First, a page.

Rab23 and developmental disorders

Catherine H.H. Hor*, Bor Luen Tang, Eyleen L.K. Goh*

*Corresponding author for this work

Research output: Contribution to journalArticlepeer-review

Abstract

Rab23 is a conserved member of the Rab family of small GTPases that regulates membrane trafficking in eukaryotes. It is unique amongst the Rabs in terms of its implicated role in mammalian development, as originally illustrated by the embryonic lethality and open neural tube phenotype of a spontaneous mouse mutant that carries homozygous mutation of open brain, a gene encoding Rab23. Rab23 was initially identified to act as an antagonist of Sonic hedgehog (Shh) signaling, and has since been implicated in a number of physiological and pathological roles, including oncogenesis. Interestingly, RAB23 null allele homozygosity in humans is not lethal, but instead causes the developmental disorder Carpenter’s syndrome (CS), which is characterized by craniofacial malformations, polysyndactyly, obesity and intellectual disability. CS bears some phenotypic resemblance to a spectrum of hereditary defects associated with the primary cilium, or the ciliopathies. Recent findings have in fact implicated Rab23 in protein traffic to the primary cilium, thus linking it with the primary cellular locale of Shh signaling. Rab23 also has Shh and cilia-independent functions. It is known to mediate the expression of Nodal at the mouse left lateral plate mesoderm and Kupffer’s vesicle, the zebrafish equivalent of the mouse node. It is thus important for the left-right patterning of vertebrate embryos. In this review, we discuss the developmental disorders associated with Rab23 and attempt to relate its cellular activities to its roles in development.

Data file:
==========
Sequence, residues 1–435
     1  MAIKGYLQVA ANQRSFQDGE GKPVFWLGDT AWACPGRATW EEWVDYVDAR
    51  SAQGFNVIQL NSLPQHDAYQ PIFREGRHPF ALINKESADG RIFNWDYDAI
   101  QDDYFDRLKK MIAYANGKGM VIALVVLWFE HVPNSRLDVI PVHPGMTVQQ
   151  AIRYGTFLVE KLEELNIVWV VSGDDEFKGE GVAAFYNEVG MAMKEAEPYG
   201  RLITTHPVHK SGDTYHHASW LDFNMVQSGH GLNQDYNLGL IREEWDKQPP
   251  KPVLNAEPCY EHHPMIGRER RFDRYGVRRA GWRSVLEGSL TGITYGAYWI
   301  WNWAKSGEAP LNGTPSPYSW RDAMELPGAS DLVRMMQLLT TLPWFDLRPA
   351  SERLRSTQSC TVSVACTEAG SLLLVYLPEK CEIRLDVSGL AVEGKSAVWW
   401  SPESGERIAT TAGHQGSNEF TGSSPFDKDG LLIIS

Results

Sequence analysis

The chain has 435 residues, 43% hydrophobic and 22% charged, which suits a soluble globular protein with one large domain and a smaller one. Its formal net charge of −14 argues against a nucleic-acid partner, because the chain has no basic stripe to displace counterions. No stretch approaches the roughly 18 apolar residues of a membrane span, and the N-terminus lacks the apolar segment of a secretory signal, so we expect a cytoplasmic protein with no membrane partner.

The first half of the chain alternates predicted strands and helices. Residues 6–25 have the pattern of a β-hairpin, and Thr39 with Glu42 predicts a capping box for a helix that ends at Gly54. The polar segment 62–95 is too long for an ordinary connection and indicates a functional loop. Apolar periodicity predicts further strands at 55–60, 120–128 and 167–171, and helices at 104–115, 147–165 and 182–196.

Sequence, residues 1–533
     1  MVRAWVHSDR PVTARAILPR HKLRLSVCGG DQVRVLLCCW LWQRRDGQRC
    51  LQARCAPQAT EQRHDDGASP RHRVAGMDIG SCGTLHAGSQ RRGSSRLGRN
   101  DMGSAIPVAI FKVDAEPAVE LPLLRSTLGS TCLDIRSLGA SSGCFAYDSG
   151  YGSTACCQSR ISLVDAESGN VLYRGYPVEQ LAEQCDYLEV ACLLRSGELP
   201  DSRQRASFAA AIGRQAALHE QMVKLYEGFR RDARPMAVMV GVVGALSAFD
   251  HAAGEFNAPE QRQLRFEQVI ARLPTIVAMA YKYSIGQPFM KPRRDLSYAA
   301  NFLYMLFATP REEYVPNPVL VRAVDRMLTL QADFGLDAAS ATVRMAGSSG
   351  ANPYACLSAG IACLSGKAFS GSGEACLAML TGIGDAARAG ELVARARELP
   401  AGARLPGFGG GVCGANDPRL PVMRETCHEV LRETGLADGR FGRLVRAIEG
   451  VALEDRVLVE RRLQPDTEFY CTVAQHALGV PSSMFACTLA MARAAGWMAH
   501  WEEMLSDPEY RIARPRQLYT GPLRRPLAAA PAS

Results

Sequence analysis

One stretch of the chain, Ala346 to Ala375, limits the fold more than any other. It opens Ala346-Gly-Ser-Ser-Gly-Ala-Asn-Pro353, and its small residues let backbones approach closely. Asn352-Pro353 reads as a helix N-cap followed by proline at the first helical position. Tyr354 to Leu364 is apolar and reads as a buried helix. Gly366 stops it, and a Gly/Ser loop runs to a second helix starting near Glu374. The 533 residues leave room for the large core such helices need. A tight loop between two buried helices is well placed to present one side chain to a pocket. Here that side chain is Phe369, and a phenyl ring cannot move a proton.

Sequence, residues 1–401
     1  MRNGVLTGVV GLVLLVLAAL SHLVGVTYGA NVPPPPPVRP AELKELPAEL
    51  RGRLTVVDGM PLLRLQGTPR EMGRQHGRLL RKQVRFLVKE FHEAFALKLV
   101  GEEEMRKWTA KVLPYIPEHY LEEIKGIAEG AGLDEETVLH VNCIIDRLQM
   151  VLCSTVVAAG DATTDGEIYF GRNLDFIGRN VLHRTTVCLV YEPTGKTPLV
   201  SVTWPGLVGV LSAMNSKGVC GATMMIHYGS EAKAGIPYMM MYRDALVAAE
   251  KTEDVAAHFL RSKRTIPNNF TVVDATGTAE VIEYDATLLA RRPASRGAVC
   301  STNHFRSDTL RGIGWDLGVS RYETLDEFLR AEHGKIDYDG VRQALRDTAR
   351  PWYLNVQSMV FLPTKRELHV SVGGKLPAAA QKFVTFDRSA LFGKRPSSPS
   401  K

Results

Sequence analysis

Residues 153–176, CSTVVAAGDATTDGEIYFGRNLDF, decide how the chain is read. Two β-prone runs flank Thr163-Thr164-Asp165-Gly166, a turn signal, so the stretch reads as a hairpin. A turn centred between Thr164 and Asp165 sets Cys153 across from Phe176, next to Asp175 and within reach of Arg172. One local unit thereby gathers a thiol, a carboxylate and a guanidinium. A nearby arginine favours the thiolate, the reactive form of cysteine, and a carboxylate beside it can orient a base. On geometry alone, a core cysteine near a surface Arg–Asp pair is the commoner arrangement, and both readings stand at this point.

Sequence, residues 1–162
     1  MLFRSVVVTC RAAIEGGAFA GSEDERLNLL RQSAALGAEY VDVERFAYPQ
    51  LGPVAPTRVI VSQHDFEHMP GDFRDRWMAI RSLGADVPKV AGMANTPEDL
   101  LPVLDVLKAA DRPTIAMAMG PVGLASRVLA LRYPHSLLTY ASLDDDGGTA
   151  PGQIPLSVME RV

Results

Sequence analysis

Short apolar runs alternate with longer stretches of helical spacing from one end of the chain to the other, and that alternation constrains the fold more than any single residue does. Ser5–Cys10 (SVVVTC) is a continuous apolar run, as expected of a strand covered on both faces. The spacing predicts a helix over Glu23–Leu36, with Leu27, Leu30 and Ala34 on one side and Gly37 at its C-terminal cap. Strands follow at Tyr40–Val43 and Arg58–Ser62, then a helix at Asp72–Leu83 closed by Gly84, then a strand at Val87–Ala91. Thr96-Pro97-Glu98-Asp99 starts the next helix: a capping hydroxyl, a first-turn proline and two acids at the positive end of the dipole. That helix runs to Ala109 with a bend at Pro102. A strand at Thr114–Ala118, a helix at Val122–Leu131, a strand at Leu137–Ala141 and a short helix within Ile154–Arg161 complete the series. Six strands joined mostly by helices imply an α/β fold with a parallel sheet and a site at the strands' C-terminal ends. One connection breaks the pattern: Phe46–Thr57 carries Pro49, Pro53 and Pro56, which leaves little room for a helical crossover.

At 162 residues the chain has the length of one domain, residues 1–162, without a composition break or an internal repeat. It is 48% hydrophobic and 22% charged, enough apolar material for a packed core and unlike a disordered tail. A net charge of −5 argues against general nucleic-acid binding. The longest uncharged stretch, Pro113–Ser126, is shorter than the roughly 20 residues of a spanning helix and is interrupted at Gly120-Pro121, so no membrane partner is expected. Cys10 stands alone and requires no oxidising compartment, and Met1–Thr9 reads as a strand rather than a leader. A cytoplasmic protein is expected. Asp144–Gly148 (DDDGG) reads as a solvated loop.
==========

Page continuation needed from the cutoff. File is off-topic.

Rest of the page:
Original languageEnglish
Pages (from-to)849-860
Number of pages12
JournalReviews in the Neurosciences
Volume29
Issue number8
DOIs
Publication statusPublished - 27 Nov 2018
Externally publishedYes

User-Defined Keywords

  • Carpenter syndrome
  • ciliogenesis
  • primary cilia
  • Rab23
  • Sonic hedgehog

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